Based on the above discussion, Sara is keen to instill the loyalty to traditional practices including preference to traditional food in her children. This is essential for her to maintain the consumption patterns of the past. Storing food for Sara is a valuable traditional practice has multiple positive effects these include: revival of the past memories and ability to cope in a new cultural setting. Food storage allowed Sara to cope with the state of the instability and insecurity. In addition, it is the help in to maintain a sense of continuity of cultural norms. Sara associates the memories of the past with the experience of having food back home.
I have a very limited budget, so I do not have all the resources and the food ingredients at all times. Institutions provide us occasionally with some basic ingredients to help us with the food preparation. My daughters sometimes ask for types of food that I can’t afford to buy. I make it all at home with very limited resources. I am currently part of a society for traditional meal production to help with the daily expenses.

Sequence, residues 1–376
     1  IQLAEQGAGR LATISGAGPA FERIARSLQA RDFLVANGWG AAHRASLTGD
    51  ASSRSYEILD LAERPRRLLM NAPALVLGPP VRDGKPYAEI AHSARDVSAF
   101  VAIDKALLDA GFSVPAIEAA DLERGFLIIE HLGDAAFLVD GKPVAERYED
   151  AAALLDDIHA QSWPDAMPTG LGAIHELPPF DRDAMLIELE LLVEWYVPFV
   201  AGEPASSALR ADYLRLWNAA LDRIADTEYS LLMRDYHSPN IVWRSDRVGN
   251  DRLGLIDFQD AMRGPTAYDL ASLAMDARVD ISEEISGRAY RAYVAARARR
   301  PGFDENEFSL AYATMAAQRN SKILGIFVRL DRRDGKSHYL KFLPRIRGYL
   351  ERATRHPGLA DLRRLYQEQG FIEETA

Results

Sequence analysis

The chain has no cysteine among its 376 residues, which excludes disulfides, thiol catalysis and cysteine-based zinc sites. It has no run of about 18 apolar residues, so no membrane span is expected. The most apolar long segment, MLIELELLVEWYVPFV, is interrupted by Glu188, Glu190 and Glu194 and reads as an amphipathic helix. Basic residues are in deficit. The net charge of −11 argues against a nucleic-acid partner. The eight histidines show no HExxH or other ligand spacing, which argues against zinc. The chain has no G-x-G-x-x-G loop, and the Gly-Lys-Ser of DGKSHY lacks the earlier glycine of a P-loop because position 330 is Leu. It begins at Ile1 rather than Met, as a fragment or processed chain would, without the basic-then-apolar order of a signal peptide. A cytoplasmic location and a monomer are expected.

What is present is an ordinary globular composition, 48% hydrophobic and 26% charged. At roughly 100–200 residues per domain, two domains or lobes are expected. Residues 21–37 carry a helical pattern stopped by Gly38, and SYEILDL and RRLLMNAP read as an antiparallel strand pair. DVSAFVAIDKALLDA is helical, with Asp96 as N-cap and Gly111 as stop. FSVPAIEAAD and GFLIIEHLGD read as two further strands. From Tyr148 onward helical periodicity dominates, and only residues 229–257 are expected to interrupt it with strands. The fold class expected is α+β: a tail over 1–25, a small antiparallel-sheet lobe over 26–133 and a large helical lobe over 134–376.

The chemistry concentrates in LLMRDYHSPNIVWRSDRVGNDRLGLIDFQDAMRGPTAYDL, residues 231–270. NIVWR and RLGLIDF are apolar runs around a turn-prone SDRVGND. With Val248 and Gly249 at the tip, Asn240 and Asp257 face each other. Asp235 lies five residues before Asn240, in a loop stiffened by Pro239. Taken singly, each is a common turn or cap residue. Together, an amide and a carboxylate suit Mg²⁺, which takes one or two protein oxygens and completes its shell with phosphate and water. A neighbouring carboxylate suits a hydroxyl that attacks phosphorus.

The displacement experience had negative implications on the regular consumption pattern of Sara. However, she explained that she managed to overcome economic insecurity through getting support from various institutions. In addition, throughout the interview Sara explained that she makes rational economic decisions and set priorities to secure basic food ingredients like olive oil, rice and sugar. Sara is not willing to be dependent on external help, instead she is exploring means to learn new skills such cooking to economically independent soon.
In sum, Sara views traditional food as a means for redefining family identity. Sara finds religious celebrations as an equate occasion to prepare traditional meals which helps to reconstruct family identity. She adjusts her food expenses to meet the basic necessities. Sara also follows the tradition of storing food, which gives her a sense of security and is keen to pass on the culture of being loyal to traditional food to her children. Sara feels that she is part of a living community. The neighborhood is a foundation for community solidarity. Finally, Sara stated that has a long term plan to be economically independent by enhancing her skills in cooking to overcome poverty and sense of insecurity. Sara has a high sense of entrepreneurship to have her small business.
As illustrated in Table 1, a set of three emerging themes were developed using hermeneutic interpretation. Religion, tradition, and social networks were identified as coping strategies.